Being the destructive little PC tinkerer I am, I decided to play around with my video card the other day. I poked it here and prodded it there. And after a few minutes, I looked at the 2 fans pirouetting slowly on the front of the card.
The mad scientist in me had a question:
Does a graphics card need a fan? Could I just, you know, take them off and throw them away? I started a little experiment to find out. Here is what I found out…
Fans are essential to the operation of a graphics card. They help keep the graphics card operating at a low temperature. The GPU will quickly overheat and shut down if the fans are removed or malfunction. Some low-power GPUs will work without fans. However, these low-power GPUs are not suitable for gaming.
So there you have it: a GPU does not work without its fans. Wait a minute, what are you doing? I felt you move your mouse pointer to your browser’s back button. Do not leave yet, because I have a lot more to tell you.
In the following sections, I’ll talk about:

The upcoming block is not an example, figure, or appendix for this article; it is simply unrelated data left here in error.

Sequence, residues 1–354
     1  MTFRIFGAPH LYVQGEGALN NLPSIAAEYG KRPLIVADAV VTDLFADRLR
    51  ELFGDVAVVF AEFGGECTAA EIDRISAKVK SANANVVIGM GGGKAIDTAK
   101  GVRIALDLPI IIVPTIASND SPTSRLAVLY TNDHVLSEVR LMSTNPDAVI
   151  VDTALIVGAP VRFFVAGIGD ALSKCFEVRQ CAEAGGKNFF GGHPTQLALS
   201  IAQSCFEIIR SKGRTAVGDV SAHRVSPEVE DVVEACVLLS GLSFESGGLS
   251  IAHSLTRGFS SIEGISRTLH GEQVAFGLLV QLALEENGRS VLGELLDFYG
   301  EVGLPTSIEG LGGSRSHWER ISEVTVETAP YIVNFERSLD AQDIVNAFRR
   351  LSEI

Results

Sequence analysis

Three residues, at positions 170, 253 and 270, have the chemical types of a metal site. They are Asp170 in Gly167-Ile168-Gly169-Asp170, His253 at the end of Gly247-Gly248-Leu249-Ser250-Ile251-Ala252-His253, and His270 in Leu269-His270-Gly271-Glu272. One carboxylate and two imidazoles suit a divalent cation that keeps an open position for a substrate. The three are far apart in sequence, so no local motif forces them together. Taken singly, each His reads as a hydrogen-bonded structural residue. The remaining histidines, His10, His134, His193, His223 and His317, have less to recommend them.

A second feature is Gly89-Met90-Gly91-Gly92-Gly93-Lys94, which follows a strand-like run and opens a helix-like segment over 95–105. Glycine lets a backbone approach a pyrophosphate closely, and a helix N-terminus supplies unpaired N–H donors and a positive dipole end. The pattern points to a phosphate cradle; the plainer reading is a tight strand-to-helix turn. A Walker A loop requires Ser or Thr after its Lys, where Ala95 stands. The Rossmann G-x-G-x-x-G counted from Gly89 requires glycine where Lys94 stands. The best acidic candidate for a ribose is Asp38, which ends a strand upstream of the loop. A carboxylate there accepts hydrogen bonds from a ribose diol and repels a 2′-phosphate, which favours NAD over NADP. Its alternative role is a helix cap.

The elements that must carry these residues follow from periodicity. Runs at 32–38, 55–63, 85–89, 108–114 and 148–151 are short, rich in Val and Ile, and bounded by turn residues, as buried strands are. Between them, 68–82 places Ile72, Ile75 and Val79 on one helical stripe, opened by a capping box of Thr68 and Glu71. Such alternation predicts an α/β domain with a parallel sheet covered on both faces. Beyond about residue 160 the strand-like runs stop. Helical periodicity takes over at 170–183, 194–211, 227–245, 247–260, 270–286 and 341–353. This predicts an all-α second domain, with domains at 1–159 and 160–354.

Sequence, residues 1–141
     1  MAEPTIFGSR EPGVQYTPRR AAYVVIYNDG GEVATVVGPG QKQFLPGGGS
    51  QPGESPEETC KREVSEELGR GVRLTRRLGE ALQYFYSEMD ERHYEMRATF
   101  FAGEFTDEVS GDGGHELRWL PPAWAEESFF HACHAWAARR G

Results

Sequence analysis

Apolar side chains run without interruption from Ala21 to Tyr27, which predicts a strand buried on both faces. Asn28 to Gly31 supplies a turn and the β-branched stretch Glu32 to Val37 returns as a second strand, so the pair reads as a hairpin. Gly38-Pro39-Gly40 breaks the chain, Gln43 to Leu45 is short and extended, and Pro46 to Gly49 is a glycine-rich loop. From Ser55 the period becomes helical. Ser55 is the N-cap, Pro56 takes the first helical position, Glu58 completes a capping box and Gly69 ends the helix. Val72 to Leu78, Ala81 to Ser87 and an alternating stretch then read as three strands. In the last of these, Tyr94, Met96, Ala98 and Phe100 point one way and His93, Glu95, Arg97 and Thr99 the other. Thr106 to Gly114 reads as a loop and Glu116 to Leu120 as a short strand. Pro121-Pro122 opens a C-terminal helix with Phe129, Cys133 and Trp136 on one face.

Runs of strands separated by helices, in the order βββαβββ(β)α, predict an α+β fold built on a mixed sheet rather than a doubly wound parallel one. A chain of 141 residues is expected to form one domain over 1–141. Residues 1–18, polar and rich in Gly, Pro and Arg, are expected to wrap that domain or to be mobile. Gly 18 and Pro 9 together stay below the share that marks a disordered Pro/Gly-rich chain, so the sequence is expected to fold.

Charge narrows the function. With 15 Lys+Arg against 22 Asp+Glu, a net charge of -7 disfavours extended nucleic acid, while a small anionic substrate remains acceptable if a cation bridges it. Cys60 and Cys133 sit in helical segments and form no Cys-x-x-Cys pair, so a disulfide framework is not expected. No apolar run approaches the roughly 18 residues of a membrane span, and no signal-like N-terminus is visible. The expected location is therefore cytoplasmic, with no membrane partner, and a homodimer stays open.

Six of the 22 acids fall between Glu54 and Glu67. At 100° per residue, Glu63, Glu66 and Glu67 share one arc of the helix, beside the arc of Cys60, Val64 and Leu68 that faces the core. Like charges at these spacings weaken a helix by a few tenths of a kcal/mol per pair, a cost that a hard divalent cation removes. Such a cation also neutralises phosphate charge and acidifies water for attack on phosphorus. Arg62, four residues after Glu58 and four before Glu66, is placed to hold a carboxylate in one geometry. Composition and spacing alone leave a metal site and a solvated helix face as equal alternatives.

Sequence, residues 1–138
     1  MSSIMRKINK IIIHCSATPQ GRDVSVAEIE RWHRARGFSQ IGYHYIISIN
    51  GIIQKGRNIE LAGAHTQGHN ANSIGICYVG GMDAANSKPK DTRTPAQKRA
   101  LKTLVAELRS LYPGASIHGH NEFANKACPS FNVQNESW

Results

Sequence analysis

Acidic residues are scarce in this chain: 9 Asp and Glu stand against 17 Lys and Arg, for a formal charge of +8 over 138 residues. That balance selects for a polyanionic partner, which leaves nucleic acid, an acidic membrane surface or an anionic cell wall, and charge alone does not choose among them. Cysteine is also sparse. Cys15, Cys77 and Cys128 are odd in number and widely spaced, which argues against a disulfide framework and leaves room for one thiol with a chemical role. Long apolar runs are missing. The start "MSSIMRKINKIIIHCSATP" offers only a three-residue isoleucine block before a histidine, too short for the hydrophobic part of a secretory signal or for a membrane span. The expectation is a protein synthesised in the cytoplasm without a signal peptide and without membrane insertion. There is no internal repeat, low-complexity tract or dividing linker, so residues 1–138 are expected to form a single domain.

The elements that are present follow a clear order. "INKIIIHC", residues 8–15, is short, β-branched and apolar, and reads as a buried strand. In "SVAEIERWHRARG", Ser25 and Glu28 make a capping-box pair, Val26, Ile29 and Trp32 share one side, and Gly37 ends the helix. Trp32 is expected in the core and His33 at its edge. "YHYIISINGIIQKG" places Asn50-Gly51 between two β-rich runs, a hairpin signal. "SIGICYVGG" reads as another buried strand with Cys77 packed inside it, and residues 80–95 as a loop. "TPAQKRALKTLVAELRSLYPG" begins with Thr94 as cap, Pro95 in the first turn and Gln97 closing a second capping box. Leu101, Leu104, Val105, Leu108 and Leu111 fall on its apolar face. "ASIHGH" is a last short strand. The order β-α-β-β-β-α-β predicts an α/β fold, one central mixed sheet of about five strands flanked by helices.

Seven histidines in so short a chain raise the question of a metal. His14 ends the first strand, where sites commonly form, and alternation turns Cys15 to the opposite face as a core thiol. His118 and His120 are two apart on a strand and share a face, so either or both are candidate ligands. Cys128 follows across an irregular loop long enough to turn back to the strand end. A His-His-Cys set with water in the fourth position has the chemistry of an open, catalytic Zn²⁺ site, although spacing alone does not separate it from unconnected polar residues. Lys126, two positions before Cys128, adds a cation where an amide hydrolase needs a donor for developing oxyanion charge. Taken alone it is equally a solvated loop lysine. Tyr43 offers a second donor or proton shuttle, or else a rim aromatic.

- Does a GPU need a fan?
- What would happen if the GPU did not have fans (hint: it would get messy).
- How GPU fans work (The magic of physics is at play here, folks).
- And finally, are GPUs with more fans better? Not always.
Who wouldn’t want to stick around for all that? I know I would! Let’s start with the first section and look at whether a GPU card needs a fan…
Does a graphics card need a fan?
That really depends on the performance of the graphics card.
Like the RTX 3080, powerful graphics cards require multiple fans to dissipate the heat generated by the GPU cores and RAM. These fans dissipate heat from a large copper heat sink. The air that the fans blow into the GPU flows over the heat sink and heats up. This hot air is then directed out of the GPU and the PC case.
If a powerful graphics card like the RTX 3080 does not use its fans, the GPU will overheat within seconds of powering up. This would lead to a GPU meltdown – more on that later. Fortunately, GPU meltdowns are extremely rare these days, as modern GPUs are packed with small heat sensors, and at the first sign of dangerously high temperatures, the GPU shuts down to protect itself.